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The refugee is the ultimate outsider; always a foreigner, except in the refugee camp – the place that is, by definition, foreign, existing outside of time and place, somewhere between the ruined house and an obscure, uncertain future. In the parallel universe of refugee camps, a special place is reserved for the most time-honored camps —the Palestinian refugee camps, some of which have existed for more than sixty years, and nearly all—for more than forty years. That implies two-three generations of "no-place" dwellers, unknown, unseen by most of the world. These settings, whose transience has become permanent, are at the core of Swiss artist Ursula Biemann’s film X-Mission. She is the outsider among outsiders, exploring various mechanisms that assist, control examine and question the camp’s microcosm, in all of its intricate historical, human, social, cultural, and political layers. Her "sources"—experts, refugees, former refugees, welfare and relief staff from various organizations—help her unfold a highly complex picture and story of what it means to observe and interpret the unique situation of the camp. To this end, Biemann deconstructs art and the artist’s omniscient sense of confidence. There is ample information, but the fragments refuse to provide unequivocal answers.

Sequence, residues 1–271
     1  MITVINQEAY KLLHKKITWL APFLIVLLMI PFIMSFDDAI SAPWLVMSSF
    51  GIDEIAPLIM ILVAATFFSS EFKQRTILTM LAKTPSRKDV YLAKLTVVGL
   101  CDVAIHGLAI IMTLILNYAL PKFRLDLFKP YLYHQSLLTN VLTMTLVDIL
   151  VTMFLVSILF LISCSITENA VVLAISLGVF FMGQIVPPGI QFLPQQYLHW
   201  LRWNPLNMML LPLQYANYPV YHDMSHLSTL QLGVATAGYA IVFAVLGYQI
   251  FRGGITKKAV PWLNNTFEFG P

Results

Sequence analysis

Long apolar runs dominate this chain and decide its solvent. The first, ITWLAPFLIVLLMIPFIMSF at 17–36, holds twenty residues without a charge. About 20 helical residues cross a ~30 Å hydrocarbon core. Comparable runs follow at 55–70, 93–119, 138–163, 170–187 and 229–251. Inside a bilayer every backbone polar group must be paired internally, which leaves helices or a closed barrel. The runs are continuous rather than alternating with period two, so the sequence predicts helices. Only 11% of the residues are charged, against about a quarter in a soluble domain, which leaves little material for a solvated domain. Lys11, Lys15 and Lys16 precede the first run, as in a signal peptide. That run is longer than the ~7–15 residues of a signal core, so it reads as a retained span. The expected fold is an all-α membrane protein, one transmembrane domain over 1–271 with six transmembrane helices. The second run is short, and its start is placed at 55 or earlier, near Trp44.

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 The CDA's archives are operating with the support of the Ostrovsky Family Fund and Artis
 

Mission X

The refugee is the ultimate outsider; always a foreigner, except in the refugee camp – the place that is, by definition, foreign, existing outside of time and place, somewhere between the ruined house and an obscure, uncertain future. In the parallel universe of refugee camps, a special place is reserved for the most time-honored camps —the Palestinian refugee camps, some of which have existed for more than sixty years, and nearly all—for more than forty years. That implies two-three generations of "no-place" dwellers, unknown, unseen by most of the world. These settings, whose transience has become permanent, are at the core of Swiss artist Ursula Biemann’s film X-Mission. She is the outsider among outsiders, exploring various mechanisms that assist, control examine and question the camp’s microcosm, in all of its intricate historical, human, social, cultural, and political layers. Her "sources"—experts, refugees, former refugees, welfare and relief staff from various organizations—help her unfold a highly complex picture and story of what it means to observe and interpret the unique situation of the camp. To this end, Biemann deconstructs art and the artist’s omniscient sense of confidence. There is ample information, but the fragments refuse to provide unequivocal answers.

 The CDA's archives are operating with the support of the Ostrovsky Family Fund and Artis
 

 The CDA's archives are operating with the support of the Ostrovsky Family Fund and Artis